As with Wainwright et al. [17], who suggested that expert clinical decision-making is based on comprehensive, organized knowledge, this study also confirmed that clinical problem-solving in experts proceeds based on evidence under a wide range of thinking. However, in contrast to the report that most medical experts make clinical decisions based on forward reasoning, this study observed backward reasoning. The medical experts still differed from the novices in using broad, organized knowledge to make decisions. The experts and novices showed differences in their decision-making in the clinical treatment experiment in history taking, physical examination, and radiography reading stages, so these were selected as the basic frames for tasks in enterprise resource planning to analyze the differences in brain activation between the experts and novices. When differences in cortical activation during clinical decision making were compared between the expert and novice dentists, this study was observed different types of differences. We also confirmed the results of Shallice [18] who suggested that experts have activation in the middle frontal lobe, those of Nichelli et al. [19] who suggested that the prefrontal and parietal lobes are important in experts when compared to novices [20]. Moreover, our results supported other previous studies that performed EEG analysis in chess experts and found that the activation of right frontal, occipital, and parietal lobes is more prominent compared to the left hemisphere [21-24]. This study also found that the activation of EEG signals in the experts was relatively higher when compared to the novices in task 6, which had the highest difficulty, clarifying that the experts also had different cortical activation based on the difficulty of tasks. As suggested by Duncun et al. [25] and Chen et al. [26], both hemispheres were activated when performing higher-order cognitive functions, although the activities differed depending on the tasks being performed [27,28].
MacLean [29] suggested the tribune brain theory and developed a model of brain-based teaching of subjects, and studies have investigated its effects. This study could also associate the function of cortical areas activated during medical experts’ decision-making with teaching and learning. Here, this study is suggested learning directions for brain-based clinical decision-making that can be approached to raise experts based on brain use. First, clinical decision-making training should be provided in which the clinicians can perform backward reasoning and maintain an open mind to other possibilities while recognizing certain information about the patient. Second, Soursa [30] reported that students with different sensory preferences react differently to identical stimuli. Training should discourage using certain brain areas and instead present various learning stimuli and learning formats to enable the use of both brains. Third, by developing education models that offer various patient cases and focus on clinical expressions, stimuli from patient experiences should be maximized, and clinicians should be encouraged to accumulate and integrate experiential knowledge. Fourth, to further activate the parietal lobe, which is responsible for somatosensation and higher-order sensory processing, opportunities to experience more multidimensional tasks than the currently performed tasks should be provided. Fifth, instructional methods that can equally activate the left brain focusing on logical thinking and the right brain focusing on intuitive thinking should be developed and applied to activate both brains.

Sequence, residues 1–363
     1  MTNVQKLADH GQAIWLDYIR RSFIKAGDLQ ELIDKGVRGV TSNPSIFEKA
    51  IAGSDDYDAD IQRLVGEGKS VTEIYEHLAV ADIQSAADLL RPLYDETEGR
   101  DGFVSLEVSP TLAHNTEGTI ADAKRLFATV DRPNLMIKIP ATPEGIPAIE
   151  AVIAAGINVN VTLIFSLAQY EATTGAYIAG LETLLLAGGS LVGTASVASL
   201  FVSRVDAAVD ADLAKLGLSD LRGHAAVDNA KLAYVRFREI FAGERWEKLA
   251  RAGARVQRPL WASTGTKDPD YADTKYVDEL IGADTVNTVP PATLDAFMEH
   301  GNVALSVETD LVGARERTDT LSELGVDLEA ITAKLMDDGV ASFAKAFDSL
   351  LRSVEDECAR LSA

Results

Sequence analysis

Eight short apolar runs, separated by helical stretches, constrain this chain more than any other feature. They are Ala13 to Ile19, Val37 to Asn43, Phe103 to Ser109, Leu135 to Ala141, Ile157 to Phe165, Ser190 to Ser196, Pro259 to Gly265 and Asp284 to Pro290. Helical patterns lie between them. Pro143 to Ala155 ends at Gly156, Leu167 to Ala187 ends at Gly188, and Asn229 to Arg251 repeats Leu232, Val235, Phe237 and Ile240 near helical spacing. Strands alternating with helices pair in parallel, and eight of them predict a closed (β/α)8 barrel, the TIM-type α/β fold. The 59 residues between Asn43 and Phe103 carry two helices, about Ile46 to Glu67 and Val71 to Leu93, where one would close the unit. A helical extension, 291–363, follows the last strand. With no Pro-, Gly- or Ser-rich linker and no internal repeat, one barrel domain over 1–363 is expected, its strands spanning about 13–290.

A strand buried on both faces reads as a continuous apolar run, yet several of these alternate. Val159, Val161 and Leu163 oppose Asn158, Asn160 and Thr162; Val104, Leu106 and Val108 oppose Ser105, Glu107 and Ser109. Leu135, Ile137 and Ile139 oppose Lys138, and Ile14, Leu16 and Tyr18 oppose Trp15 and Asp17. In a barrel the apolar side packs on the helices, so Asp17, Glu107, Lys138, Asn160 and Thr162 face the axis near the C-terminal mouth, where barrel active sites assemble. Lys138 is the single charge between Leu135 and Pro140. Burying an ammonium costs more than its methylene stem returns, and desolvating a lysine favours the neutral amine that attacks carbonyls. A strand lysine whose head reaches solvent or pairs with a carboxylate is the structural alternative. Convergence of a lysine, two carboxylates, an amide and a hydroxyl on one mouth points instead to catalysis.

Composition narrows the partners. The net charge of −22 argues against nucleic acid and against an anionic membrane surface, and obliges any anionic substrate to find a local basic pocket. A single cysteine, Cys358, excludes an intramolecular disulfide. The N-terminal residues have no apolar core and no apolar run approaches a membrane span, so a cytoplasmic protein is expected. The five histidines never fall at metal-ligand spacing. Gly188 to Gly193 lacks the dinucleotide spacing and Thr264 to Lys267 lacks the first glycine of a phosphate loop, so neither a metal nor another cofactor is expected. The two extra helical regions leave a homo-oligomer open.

This study analyzed differences between medical experts and novices in problem-solving and EEG signals during clinical decision-making. It explored a model of clinical decision-making based on brain-based knowledge used by experts in clinical decision-making. Based on the findings, this study developed and suggested a model of the decision-making process for experts and novices and suggested the basic directions for brain-based learning needed to raise experts based on brain activity. This model is expected to serve as findings of basic brain-based research that investigated steps and factors to improve core competency required for clinical decision-making and suggested ways to strengthen accurate clinical decision-making capabilities with little time and effort. Because of limits in methodology, this study could not be conducted on many participants. More extensive samples should be used to generalize the differences in clinical decision-making between experts and novices found in this study, and studies should continue with participants of various backgrounds.




This work was supported by the research grant of the Gyeongsang National University in 2022.
Conflicts of interest
No potential conflict of interest relevant to this article was reported.
Author contributions
Conceptualization: YA, HK; methodology: YA; software: YA; validation: HK; formal analysis: YA, HK investigation: YA, HK; resources: YA, HK; data curation: YA; writing–original draft: YA, HK; writing–review & editing: HK; project administration: YA, HK; and funding acquisition: HK.

Fig. 1.
Electroencephalography Experimental Procedure
Fig. 2.
Fast Fourier Transformation Equation
Fig. 3.